Pitt Meadows stuck with 3.1-per-cent tax increase

    - City of Pitt Meadows
— image credit: City of Pitt Meadows

A tax increase for 2013 divided Pitt Meadows council on Monday as one camp called for further slashing while the other stuck to a proposed spike of three per cent.

In a 4-3 vote, council approved a general fund increase of 1.79 per cent, with an additional one per cent being directed to a strategic capital reserve for future projects such as a Lougheed-Harris overpass and indoor pool.

It means a single family home will see an $83, or 3.10 per cent increase to fund all municipal services in 2013.

The city sees the increase – the lowest in four years – as striking a balance between offering tax relief now while saving and investing for the future.

“Our goal was to ensure we do as much as we possibly could with minimal financial burden on our residents. I’m proud that council and staff did their due diligence and demonstrated fiscal restraint,” said Mayor Deb Walters, who cast the deciding vote for the three per cent increase, also supported by Couns. Doug Bing, Tracy Miyashita and Gwen O’Connell.

“This is definitely a tax rate increase that we can defend.”

Two of the largest projects that influenced council’s decision concerned the development of a “start-stop model” of policing in Pitt Meadows and funding for much-needed repairs to the city’s drainage system.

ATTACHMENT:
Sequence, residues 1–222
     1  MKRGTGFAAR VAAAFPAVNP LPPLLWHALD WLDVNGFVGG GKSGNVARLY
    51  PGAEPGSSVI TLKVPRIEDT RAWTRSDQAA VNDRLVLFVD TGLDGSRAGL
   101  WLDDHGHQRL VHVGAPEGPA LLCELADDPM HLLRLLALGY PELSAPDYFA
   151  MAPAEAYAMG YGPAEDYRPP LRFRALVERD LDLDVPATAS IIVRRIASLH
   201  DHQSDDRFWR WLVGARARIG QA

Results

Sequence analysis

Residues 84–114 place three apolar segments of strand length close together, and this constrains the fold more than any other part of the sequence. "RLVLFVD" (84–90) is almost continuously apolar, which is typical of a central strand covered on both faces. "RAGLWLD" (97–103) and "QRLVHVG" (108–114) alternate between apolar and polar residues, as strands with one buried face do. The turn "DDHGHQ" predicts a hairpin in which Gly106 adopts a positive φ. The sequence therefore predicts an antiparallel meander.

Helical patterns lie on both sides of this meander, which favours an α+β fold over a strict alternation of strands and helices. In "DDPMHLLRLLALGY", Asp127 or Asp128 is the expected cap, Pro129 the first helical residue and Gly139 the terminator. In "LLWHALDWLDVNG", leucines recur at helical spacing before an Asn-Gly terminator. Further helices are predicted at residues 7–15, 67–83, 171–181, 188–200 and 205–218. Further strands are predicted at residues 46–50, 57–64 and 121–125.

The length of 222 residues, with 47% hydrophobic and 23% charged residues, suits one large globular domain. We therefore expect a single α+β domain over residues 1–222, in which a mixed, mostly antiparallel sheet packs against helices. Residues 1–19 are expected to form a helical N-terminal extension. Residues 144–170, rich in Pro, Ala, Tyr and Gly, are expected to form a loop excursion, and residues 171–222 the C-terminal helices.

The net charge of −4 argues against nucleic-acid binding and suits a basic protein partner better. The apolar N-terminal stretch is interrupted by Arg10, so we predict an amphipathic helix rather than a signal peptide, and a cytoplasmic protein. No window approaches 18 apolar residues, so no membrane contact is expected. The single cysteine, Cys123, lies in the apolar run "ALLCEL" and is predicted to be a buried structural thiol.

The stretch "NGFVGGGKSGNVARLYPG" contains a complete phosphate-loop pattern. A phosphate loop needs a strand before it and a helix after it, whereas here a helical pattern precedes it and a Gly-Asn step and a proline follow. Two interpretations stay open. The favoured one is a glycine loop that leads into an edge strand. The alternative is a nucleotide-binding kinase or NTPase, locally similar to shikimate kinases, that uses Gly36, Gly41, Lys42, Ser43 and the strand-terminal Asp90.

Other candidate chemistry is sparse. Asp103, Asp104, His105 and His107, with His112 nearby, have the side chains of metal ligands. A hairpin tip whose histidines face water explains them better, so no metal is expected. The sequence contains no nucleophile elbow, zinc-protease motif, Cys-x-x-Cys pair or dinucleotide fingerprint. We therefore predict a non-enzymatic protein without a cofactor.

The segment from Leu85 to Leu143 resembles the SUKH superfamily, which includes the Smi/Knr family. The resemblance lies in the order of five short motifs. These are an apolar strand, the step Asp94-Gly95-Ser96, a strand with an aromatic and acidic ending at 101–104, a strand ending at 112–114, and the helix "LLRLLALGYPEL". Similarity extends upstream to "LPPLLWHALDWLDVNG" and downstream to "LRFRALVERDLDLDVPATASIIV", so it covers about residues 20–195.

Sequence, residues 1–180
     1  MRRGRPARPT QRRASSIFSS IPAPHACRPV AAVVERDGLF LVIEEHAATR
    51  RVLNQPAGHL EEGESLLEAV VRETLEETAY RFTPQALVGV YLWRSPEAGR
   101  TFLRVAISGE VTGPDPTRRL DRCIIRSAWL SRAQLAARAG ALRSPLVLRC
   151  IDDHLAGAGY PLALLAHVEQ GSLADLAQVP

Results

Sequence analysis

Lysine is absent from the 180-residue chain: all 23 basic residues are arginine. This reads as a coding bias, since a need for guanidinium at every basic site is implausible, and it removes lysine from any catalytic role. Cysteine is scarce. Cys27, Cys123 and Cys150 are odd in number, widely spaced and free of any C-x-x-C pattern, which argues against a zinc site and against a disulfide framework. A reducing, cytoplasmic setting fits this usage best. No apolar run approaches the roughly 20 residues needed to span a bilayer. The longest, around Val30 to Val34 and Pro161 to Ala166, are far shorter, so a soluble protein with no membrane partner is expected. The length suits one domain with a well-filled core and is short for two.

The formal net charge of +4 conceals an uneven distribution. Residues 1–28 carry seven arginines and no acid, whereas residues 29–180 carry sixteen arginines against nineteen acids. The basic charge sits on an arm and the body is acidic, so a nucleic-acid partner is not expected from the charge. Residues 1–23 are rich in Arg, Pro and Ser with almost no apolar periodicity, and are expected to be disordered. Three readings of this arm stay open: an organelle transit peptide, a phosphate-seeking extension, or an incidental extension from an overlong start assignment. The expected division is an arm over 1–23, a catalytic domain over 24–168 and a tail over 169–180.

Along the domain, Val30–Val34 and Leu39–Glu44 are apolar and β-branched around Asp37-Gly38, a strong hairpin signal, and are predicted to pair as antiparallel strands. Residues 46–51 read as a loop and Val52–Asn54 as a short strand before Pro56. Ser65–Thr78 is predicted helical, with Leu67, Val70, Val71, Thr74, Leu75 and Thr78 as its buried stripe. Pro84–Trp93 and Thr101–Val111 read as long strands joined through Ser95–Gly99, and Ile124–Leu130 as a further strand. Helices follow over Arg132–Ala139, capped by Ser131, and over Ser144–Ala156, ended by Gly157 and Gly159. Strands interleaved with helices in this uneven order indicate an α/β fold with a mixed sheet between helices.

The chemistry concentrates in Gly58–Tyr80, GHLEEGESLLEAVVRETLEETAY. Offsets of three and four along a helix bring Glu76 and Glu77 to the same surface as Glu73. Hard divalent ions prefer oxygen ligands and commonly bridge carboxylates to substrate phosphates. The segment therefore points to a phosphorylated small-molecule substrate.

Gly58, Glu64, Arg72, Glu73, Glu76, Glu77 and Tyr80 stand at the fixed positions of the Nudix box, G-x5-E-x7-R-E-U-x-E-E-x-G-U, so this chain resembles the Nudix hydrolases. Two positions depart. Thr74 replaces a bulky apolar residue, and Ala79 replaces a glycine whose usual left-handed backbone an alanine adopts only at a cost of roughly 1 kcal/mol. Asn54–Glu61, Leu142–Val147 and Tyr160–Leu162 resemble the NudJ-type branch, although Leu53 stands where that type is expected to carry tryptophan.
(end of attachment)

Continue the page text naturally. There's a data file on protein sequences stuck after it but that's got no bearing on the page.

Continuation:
The city noted that Pitt Meadows’ tax rate “compares favourably” to neighbouring municipalities that are considering increases in the range of three to six per cent. Maple Ridge approved a 3.9 municipal tax increase for 2013.

Pitt council was also split on whether to shift the tax burden to businesses.

“We want to make it easy for businesses to succeed in Pitt Meadows, by keeping the ratio of business-to-residential tax rates the same, we are showing that commitment,” said Walters.

But dissenting councillors believed the city could have kept the increase lower.

Coun. Dave Murray wanted to reduce the amount being put into a capital reserve from one per cent to .75 per cent.

“It would have meant another .25 per cent off the tax increase,” said Murray.

“We can’t forget that we are here to provide checks and balances for the voters, who are our bosses. I understand we need to put money away for capital reserves, but we are in tough economic times and not many people are getting a 3.1 [pay] increase.”

Coun. Bruce Bell wanted to shift some of the tax burden to businesses, pointing to the economic development corporation, which is funded by the city. The corporation will cost around $343,000 next year.

“We could have tweaked the business rate a bit,” said Bell, explaining it would meant an increase of a couple dollars.

“I certainly appreciate the efforts that went into business planning. I know pencils were sharpened, but for me we could have gone a little bit further.”

Coun. Janis Elkerton was the third councillor who did not support the 3.10 per cent increase.

Council earlier rejected a petition started by two Pitt Meadows residents calling for a “zero” tax increase in 2013.

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